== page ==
August 23, 2015 |
GlaxoSmithKline plc and Novartis AG said Friday that they had struck a deal for Novartis to pay GSK at least $300 million, and perhaps more than $1 billion, for the remaining rights to the drug ofatumumab. The drug already is approved for use in treating some cancers and is sold by Novartis under the name Arzerra. Novartis now will have the rights for any use of ofatumumab approved by regulators, most importantly multiple sclerosis. GSK gets $300 million when the deal is closed, $200 million if Novartis starts a phase III clinical study of ofatumumab in relapsing remitting multiple sclerosis, and contingent payments of up to $534 million if other development milestones are achieved.
August 21, 2015 |
TATTLE HAS TO admit that we didn't see this coming. And we're pretty ashamed of ourselves for missing it. Reality-TV star and conservative lobbyist Josh Duggar - of TLC's "19 Kids and Counting" and molesting-his-sisters fame - had an Ashley Madison account. Ashley Madison, as many of you know (and hope your spouses don't) is a website created for the express purpose of helping married people cheat on their husbands or wives. Gawker.com reported that data released online in the wake of the hack on Ashley Madison shows that someone using a credit card belonging to a Joshua J. Duggar, and billed to the Fayetteville, Ark., address of his grandmother Mary , paid nearly $1,000 for two monthly Ashley Madison subscriptions from February of 2013 until May of 2015.
August 14, 2015
D EAR ABBY: I'm writing in response to "Not Talking About the Future," whose wife has breast cancer, was told she has only a few years to live and feels sad when her kids talk about their futures. My dad was diagnosed with stage four multiple myeloma, a type of blood cancer, in 2006. He was told that even the most aggressive treatment would buy him only two or three more years. Well, he's now working on year nine. While I must admit that it's been hard at times for me to stay positive about his prognosis, I try not to let it show.
August 10, 2015 |
When Marjorie Stromberg and Sean Miller decided to get married, they knew they might face fertility problems stemming from her chemotherapy for leukemia at age 12. The idea of fertility treatment didn't faze them. Parenthood was a cherished goal. They even had a name for a girl: Adele. What they couldn't foresee was that the prospect of pregnancy would become not just daunting, but unacceptably risky. In the months after their engagement in 2011, Marjorie, then 26, was diagnosed with breast cancer, as well as a rare genetic susceptibility to multiple cancers.
August 9, 2015 |
Steve Sewell hadn't given much thought to forgiveness until he started visiting his friend Ouida Coley while she was getting treatment for metastic breast cancer. Her hospital offered support groups for people who struggle with unforgiveness - the toxic anger and aggravation that comes from holding on to grudges and blame. A former chaplain there wrote a book about it after noticing that many of the patients he saw were burdened by unresolved hurt and guilt. Sewell, a testicular cancer survivor from West Chester, saw the book the first time he visited Coley.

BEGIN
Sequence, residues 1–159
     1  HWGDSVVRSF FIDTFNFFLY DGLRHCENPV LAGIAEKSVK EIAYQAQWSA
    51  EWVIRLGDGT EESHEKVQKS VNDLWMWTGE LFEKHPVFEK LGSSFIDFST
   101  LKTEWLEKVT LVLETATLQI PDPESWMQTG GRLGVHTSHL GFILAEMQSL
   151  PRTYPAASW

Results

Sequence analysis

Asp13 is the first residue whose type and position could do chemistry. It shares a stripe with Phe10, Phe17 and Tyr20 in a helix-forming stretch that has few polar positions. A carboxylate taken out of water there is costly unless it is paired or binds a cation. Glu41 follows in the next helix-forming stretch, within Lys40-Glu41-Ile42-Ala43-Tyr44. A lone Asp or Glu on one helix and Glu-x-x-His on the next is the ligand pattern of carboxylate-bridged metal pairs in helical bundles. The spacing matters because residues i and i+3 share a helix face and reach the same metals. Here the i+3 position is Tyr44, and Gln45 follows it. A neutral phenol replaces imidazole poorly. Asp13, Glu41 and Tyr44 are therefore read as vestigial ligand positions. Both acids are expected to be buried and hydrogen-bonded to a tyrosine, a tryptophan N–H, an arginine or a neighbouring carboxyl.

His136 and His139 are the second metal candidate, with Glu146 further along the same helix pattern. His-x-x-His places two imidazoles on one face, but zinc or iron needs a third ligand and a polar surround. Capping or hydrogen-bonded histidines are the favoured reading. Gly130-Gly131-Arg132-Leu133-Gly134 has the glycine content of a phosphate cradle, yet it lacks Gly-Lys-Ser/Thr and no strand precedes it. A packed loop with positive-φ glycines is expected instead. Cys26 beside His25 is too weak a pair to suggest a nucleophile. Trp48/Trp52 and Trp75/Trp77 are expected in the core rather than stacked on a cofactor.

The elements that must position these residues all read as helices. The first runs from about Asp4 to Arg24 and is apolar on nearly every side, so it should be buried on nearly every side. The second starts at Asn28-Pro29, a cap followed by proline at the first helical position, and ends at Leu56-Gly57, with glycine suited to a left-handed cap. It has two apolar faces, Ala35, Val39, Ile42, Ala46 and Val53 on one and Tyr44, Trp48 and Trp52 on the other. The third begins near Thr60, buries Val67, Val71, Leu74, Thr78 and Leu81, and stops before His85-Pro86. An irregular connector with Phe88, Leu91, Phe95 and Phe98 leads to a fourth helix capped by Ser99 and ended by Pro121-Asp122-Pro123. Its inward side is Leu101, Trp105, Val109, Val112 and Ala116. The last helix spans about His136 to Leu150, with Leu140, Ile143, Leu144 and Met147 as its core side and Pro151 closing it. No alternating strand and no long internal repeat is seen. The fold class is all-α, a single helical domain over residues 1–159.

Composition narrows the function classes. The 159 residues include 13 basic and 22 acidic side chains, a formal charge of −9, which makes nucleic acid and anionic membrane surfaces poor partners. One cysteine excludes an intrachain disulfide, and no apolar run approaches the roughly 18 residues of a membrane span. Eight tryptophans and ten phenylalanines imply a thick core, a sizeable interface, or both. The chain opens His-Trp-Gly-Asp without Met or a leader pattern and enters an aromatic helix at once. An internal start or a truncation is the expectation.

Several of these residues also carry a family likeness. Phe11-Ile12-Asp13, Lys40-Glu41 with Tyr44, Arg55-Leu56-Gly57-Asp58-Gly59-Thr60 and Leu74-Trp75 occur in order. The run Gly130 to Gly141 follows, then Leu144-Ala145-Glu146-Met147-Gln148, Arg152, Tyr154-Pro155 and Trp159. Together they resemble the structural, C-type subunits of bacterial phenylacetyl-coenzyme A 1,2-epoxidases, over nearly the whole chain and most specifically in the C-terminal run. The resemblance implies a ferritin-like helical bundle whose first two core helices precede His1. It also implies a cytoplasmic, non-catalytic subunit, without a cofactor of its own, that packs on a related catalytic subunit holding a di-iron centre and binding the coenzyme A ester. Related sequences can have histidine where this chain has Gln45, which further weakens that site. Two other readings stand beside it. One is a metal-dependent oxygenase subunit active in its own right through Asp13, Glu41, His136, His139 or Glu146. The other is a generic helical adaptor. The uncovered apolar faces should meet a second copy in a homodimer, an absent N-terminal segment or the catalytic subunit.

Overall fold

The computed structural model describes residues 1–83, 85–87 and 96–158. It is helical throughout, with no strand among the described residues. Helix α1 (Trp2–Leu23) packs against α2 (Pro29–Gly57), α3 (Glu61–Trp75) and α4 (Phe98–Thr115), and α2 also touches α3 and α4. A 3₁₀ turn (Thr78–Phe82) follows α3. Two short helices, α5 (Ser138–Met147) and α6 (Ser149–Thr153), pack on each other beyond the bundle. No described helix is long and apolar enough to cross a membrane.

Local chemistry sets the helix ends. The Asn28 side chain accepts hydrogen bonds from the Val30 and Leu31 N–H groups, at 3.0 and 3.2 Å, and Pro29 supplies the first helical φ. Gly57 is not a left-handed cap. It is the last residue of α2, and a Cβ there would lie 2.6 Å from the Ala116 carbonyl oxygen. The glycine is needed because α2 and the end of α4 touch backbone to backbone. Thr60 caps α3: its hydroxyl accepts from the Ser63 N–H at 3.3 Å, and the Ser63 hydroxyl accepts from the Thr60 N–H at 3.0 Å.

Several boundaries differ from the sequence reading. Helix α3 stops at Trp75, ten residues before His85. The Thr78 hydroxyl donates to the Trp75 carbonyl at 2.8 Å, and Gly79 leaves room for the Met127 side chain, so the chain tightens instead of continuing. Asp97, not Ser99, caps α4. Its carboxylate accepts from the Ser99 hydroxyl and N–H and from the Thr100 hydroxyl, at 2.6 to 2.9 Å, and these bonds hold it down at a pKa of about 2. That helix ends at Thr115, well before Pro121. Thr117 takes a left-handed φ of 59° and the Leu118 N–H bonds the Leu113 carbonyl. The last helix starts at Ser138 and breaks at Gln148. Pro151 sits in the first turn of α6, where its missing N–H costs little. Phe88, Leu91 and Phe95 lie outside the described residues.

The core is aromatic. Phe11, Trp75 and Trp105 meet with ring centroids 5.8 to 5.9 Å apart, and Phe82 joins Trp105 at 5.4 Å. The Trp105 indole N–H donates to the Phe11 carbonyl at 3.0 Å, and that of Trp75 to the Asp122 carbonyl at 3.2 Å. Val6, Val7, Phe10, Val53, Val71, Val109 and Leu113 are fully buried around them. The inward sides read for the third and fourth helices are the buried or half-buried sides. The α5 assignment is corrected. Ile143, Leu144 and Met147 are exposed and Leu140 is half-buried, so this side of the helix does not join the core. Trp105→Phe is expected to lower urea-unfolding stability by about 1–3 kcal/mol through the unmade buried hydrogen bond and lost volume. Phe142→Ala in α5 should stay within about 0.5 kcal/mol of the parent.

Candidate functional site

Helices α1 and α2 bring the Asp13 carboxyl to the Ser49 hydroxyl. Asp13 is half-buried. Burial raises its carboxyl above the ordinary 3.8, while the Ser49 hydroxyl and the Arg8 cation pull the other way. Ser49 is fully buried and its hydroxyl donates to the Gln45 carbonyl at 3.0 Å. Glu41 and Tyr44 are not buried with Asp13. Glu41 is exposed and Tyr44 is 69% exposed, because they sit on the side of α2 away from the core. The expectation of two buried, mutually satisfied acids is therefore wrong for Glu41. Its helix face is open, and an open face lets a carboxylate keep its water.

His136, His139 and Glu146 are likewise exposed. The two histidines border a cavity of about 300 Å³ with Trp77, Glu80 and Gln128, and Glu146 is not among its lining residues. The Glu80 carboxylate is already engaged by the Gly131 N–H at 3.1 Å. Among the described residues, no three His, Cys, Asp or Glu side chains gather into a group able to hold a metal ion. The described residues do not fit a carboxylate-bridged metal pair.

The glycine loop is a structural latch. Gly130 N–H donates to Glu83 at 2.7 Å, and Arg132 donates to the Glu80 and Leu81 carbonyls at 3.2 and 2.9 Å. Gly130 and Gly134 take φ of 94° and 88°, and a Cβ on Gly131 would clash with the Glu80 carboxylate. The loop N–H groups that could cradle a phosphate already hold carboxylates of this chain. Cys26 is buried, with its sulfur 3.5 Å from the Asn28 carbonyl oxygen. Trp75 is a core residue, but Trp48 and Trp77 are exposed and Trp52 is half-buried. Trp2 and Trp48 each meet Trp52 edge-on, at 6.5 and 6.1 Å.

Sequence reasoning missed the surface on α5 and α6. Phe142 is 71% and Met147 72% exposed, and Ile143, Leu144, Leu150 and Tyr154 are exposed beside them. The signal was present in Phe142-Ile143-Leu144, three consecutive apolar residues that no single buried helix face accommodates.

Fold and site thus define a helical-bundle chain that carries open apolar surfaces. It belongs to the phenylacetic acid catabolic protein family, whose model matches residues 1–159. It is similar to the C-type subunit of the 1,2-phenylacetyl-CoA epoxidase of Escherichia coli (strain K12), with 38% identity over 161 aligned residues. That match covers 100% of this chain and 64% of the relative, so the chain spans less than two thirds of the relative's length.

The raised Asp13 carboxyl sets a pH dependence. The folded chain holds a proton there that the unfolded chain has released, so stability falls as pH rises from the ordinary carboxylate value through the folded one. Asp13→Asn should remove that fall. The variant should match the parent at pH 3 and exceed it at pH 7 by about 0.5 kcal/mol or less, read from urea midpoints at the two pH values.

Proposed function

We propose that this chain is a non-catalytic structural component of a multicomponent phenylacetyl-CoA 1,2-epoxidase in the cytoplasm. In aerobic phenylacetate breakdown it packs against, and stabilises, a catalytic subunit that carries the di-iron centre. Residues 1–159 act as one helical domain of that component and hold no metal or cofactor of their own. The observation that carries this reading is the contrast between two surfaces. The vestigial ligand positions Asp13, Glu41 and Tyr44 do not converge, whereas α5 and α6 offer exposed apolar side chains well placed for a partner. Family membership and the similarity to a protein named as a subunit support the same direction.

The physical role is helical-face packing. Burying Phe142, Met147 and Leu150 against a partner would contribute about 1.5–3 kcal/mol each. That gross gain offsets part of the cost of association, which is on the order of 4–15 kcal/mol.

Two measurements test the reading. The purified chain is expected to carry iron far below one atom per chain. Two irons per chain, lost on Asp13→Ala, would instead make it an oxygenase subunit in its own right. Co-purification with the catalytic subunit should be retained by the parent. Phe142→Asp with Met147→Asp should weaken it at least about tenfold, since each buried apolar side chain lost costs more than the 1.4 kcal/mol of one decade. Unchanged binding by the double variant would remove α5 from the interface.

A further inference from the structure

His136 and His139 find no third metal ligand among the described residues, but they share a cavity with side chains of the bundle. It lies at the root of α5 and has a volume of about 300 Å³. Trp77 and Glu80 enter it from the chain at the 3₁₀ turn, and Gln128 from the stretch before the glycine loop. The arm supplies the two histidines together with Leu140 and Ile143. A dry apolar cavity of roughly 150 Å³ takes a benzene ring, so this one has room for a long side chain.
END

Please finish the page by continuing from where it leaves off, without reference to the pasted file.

July 22, 2015 |
Cooper University Health Care, even before its takeover last month of emergency medical services in Camden, was flexing its muscles in South Jersey's thriving health-care market. Long a center for complex care in South Jersey, but hampered by its location in poverty-stricken Camden, Cooper has been expanding since 2012, opening a new patient tower, a medical school, and the MD Anderson Cancer Center. The payoff shows in rising patient revenue and strong gains in operating profit, though an expert doubts that it can last.
July 16, 2015 |
Jenny and Matt Stuetz have two things on their mind at all times: her cancer and their children. The Willow Grove couple were devastated when Jenny, 43, was diagnosed with breast cancer in 2011. But their focus since then has been on keeping her healthy while also keeping the lives of their children - son Jackson, now 8, and daughter Madison, now 7 - as normal as possible. So for at least one week this summer, the children were able to shed some of their worries at Camp KIDS, a program of Gilda's Club in Warminster.
July 15, 2015 |
IN 1983, Nick Forgione's surgeon gave him five years to live after removing two malignant tumors from his colon and installing a colostomy bag. "They wanted to do chemotherapy and radiation treatments," Nick told the Daily News ' Dan Geringer in 2001. "I told them to go to hell and fired my surgeon. " Instead, Nick had a conversation with a higher authority. "I had committed every sin that you could commit with a knife and fork," he told Geringer. "I went to Mass at St. Christopher's and I said, 'Dear Lord, I didn't come in here to ask, 'Why me?
June 30, 2015 |
The duPont Hospital for Children had too few of the little wagons that young patients prefer to wheelchairs, so Peter Zucca started a foundation to raise money for a fleet of them. A patient couldn't get blood for a transfusion, so Peter planned a series of drives, the first to be held Monday. And when he saw that most books about the challenge of childhood hearing loss "are really bad," he wrote his own. At age 12, Peter Zucca has already had a world of experience with cancer.
June 14, 2015 |
Nearly 50 years after the Epstein-Barr virus was discovered to cause human cancers, there are no good treatment options for the 200,000 new cases diagnosed annually, most of them in the world's poorest places. The Wistar Institute aims to change that. The illustrious Philadelphia research center last month received a three-year, $5.6 million grant from the Wellcome Trust in London to continue developing a novel anti-viral drug. "We certainly hope that this first-in-class drug we are developing will slow the progression or - even better - cure these deadly cancers," said Wistar senior scientist Troy Messick.